What stops mothers breastfeeding?
There are certain characteristics that can mean a woman is less likely to breastfeed.
- Age – teenage and young mothers;
- Education – mothers who have left education early;
- Socio-economic status – mothers from deprived areas, unemployed, or in low income households.
When a mother leaves hospital breastfeeding her baby, it is often social attitudes and practicalities such as returning to work that influence whether she will continue to do so.
Cultural and social attitudes have a strong influence on whether women decide to breastfeed, or continue to breastfeed. Women have reported being embarrassed in public places and certain social situations, and they are also sensitive to the embarrassment of others. This applies not only to members of the public, but also to friends and family. Some women said they had adopted a certain ‘etiquette’ when breastfeeding in public where they tried to find a quiet place away from others. However, this strategy has meant some mothers have resorted to feeding their baby in public toilets; neither comfortable nor hygienic. So ambivalence towards breastfeeding was not only caused by being seen as socially inappropriate, but also as insensitive to the feelings of others.[iii]
Returning to work can also be a problem. Breastfeeding tends to decrease around 4-6 months. This trend has been linked to mothers returning to work, although it has been found that low cost interventions by employers can reduce absenteeism and improve staff commitment. Childcare arrangements also make a difference. If babies are cared for by family, friends or neighbours they are less likely to be breastfed. This was found to be the case across all socio-economic groups. Formal childcare offered more support for mothers to continue breastfeeding when they returned to work. For example, by offering storage facilities for expressed milk. Strangely, rates of breastfeeding were lower among advantaged families who used formal child care on a full-time basis, despite higher income and better educated mothers being more likely to breastfeed.[iv]
Can legislation make a change?
The Scottish Parliament took the view that legislation would be the best way forward. It is the only jurisdiction in the UK and Republic of Ireland with legislation in place to protect a mother who wants to breastfeed in public. The Breastfeeding (Scotland) Act 2005 came into force in 2009. It makes it an offence to prevent or stop someone feeding a child in public if the child is under two years of age. This applies to either breast or bottle feeding. Employers must also ensure that anyone is able to feed a child on their premises unhindered. A public place is described as any place where the public, or a section of the public, through payment or otherwise is permitted to be. The Act in Scotland also requires Scottish Ministers to promote and support breastfeeding and disseminate information that encourages breastfeeding. It is estimated that the cost of introducing legislation similar to Scotland will be minimal, since there has only been one prosecution in Scotland since the Act came into force in 2009.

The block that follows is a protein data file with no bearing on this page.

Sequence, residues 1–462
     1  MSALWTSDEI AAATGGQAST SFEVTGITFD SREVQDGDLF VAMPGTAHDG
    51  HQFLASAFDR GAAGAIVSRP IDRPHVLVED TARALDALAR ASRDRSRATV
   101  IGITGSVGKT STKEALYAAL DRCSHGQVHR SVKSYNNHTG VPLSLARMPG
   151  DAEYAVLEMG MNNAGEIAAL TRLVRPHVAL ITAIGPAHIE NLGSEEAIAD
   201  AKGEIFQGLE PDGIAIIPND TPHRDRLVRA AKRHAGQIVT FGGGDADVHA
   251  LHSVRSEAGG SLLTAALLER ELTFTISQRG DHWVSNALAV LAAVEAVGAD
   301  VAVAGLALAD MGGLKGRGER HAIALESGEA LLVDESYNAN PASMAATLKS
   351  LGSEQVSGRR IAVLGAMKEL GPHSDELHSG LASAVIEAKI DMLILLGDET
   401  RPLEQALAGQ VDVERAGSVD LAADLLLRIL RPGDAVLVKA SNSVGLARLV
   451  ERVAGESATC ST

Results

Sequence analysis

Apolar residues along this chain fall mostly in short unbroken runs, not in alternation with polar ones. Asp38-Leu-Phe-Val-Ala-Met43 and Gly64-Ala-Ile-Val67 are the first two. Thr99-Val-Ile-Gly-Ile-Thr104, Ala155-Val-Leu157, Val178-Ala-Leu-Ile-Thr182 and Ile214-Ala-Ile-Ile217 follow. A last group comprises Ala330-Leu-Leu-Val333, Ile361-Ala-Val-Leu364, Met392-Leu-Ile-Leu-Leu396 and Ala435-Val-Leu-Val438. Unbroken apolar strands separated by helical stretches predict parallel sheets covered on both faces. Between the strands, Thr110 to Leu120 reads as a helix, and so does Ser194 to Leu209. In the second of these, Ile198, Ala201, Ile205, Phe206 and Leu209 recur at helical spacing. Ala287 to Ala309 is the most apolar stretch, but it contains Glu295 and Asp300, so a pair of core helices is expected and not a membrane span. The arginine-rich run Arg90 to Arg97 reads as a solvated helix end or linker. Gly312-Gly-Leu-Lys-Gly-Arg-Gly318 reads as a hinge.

Claire Hanna MLA planned to introduce a Private Member’s Bill in the Northern Ireland Assembly to put in place legislation that would ensure that mothers who wish to feed their infant in public will be legally protected. Subsequently in January 2017, the Health Minister, Michelle O’Neill, announced that she intended to bring forward legislation to protect women wishing to breastfeed in public in NI.
The NI Public Health Agency has been promoting breastfeeding in Northern Ireland for many years through breastfeeding awareness weeks, DVDs for mothers, fathers and grandparents, and the ‘Breastfeeding Welcome Here’ scheme. Legislation can be a first step or a last resort to protect mothers who want to breastfeed while attitudes slowly change.
[i] Victoria C. G. et al, ‘Breastfeeding in the 21st century: epidemiology, mechanisms, and lifelong effect’; Lancet 2016; Vol. 387: pp475-90
[ii] Brown, A, (2016), What Do Women Really Want? Lessons for Breastfeeding Promotion and Education. Breastfeeding Medicine, doi: 10.1089/bfm.2015.0175
[iii] Leeming, D., Williamson, I., Johnson S., and Lyttle, S., Socially sensitive lactation: Exploring the social context of breastfeeding. Psychology & Health, 2013, 28(4):450-68.
[iv] Rollins N. C. et al, ‘Why Invest, and what it will take to improve breastfeeding practices?’ Lancet 2016; 387: 493-504